Because Paul was a tentmaker (Acts 18:3) many pastors think they are called to be entrepreneurs and wheeler-dealers in the marketplace (real estate, the stock market, venture capital, etc.) and many of them have had disastrous results and lost their shirts! It is one thing for a pastor to be bi-vocational because their church cannot afford a full salary. It is another thing for a pastor to think they are called to create much wealth by starting their own business because they think Scripture makes it normative.
The context regarding Paul is this: Since he was receiving many accusations because people were trying to insinuate that he was an inferior apostle, Paul preached the Gospel without receiving an offering from the Corinthian Church to silence his critics (read 2 Corinthians 11:7-15; 1 Corinthians 9:18) even though he had the full right to make a living from the Gospel (1 Corinthians 9:9-14). Also, he came to an area that was filled with clergy corruption because the temple priests in Corinth peddled religion and sex for money. So Paul did his best to distance himself from any semblance of clergy greed and vice (1 Corinthians 4:12).
In light of this, I believe that only some pastors are called to have their own lucrative business; not every pastor has the grace to multitask between marketplace and ecclesial business and be successful. Only some are hyphenated ministers with calls to both the business and ecclesial realms.
VI. Prosperity is the right of all those in Christ
It is high time we in the Body of Christ go from a “rights-centered” Gospel, which has its historical roots in the American fight for independence and Jeffersonian preaching, to a “stewardship-centered” Gospel, in which we view our gifts, calling, and resources as a responsibility to serve and bless others, not something handed to us because we have the “right” to it as a Christian.
Matthew 25 shows the great balance in this because it talks both about the command to properly invest our talents for an appreciation of assets that results in multiplication, and then illustrates that the reason for the talents is so that we can feed the hungry, clothe the naked, heal the sick, visit the prisoners, and be hospitable to the strangers and aliens (Matthew 25:14-46). This and other passages clearly show that the primary purpose of wealth is a matter of stewardship to serve humanity, not a matter of our “right” because we are Christians.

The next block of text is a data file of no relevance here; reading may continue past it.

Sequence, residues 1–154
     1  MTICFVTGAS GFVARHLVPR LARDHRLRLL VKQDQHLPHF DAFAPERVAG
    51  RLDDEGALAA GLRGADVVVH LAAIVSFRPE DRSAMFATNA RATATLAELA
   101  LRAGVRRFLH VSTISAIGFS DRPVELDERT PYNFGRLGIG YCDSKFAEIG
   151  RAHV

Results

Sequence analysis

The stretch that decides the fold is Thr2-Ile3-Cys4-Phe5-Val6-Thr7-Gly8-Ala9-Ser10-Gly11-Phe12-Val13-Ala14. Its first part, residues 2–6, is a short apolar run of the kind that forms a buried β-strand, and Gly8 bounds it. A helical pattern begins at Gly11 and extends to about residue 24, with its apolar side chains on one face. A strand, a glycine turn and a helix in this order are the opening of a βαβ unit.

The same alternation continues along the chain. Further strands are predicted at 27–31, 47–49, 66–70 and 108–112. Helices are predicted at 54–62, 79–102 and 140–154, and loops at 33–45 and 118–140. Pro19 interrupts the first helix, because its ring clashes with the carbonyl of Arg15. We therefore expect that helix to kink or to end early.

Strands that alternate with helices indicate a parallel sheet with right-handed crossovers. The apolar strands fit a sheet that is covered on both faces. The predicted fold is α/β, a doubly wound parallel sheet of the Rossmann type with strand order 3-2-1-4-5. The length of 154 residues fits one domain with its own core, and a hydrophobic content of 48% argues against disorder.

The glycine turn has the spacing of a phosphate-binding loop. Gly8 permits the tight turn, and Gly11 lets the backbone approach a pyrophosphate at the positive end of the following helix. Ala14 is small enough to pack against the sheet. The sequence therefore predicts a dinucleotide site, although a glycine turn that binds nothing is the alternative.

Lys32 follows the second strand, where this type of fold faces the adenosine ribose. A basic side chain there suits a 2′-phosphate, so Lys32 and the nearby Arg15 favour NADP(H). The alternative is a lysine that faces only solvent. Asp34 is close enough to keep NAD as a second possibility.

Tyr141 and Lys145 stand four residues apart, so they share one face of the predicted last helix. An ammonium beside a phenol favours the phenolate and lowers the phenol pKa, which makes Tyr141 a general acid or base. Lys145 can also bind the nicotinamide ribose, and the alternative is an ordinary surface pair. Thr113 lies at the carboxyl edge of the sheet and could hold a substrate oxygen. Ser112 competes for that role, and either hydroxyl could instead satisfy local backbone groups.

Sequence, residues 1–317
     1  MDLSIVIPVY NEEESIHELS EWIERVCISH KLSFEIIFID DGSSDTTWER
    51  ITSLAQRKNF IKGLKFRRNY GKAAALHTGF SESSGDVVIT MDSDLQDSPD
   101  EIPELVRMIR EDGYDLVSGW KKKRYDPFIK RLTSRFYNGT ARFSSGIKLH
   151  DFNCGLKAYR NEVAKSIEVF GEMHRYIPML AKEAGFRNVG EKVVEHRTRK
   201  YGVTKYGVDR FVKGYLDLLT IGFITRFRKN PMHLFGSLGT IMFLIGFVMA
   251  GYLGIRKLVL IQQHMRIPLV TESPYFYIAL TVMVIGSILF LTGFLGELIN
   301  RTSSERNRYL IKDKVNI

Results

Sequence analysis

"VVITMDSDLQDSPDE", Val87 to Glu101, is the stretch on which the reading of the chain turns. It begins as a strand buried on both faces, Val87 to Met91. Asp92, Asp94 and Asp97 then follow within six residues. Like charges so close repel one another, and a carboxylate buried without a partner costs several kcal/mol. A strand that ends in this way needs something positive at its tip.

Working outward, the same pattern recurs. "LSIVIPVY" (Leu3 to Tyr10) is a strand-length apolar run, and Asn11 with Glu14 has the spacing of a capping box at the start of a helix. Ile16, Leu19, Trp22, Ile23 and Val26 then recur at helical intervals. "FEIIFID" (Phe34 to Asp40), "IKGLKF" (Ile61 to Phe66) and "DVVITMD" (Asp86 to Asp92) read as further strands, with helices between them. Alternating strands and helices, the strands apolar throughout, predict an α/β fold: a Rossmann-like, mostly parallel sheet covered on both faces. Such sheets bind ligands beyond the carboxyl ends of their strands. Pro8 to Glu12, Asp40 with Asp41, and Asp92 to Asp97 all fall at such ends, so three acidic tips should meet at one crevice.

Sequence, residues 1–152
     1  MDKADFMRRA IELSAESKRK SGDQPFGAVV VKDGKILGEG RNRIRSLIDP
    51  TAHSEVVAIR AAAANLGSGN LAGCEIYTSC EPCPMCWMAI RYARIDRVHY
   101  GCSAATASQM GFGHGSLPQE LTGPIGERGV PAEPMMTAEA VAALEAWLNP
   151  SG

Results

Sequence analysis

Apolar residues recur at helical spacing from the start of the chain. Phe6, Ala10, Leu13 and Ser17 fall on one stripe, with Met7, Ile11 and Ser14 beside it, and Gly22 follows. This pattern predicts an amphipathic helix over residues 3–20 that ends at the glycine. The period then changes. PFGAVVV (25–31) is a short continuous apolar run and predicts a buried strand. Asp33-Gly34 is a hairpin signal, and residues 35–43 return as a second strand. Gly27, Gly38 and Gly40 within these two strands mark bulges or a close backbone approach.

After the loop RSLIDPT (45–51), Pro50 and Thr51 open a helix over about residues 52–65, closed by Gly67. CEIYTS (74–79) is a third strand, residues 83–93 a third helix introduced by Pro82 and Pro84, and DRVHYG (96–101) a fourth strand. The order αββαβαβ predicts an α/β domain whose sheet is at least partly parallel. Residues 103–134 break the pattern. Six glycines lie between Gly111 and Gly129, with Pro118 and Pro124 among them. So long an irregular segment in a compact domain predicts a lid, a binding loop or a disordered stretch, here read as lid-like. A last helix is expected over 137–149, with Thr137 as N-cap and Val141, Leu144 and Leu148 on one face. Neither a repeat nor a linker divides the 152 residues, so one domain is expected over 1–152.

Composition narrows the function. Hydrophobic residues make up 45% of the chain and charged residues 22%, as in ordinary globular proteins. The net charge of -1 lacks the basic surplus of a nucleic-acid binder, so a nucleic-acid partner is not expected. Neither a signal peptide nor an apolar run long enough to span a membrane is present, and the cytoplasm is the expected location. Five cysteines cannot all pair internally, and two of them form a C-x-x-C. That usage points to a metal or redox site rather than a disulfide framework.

VII. Wealth creation is the key to breaking the spirit of poverty
Creating more money has never been the main key to breaking poverty. According to Genesis 1:27-28 the church must produce strong and stable marriages and biblically trained children, which is the first key to replenishing the earth, subduing our enemies, and having dominion (great influence).
True prosperity is never only about money. Wealth creation is merely one of the by-products for people who walk in their assignment with integrity, humility, focus, and diligence, all of which should be modeled at home by parents before a person reaches adulthood.
VIII. The only way to take a city is to buy it
Although amassing great wealth and real estate holdings is something that will leverage great influence (for example, Robert Moses was the main powerbroker of New York because of real estate and other assets), one size does not fit all for every community and city. Something like this is much easier to accomplish in poverty-stricken areas where the civil government and community boards want to give or sell property to local churches so the neighborhood can be redeemed. (Some churches purchase whole blocks and open up numerous businesses in impoverished or needy areas.) But in high-end areas something like this can take a church multiple generations to accomplish.
For example, my local church in New York City sits on only a quarter of an acre of land that is worth $4-5 million!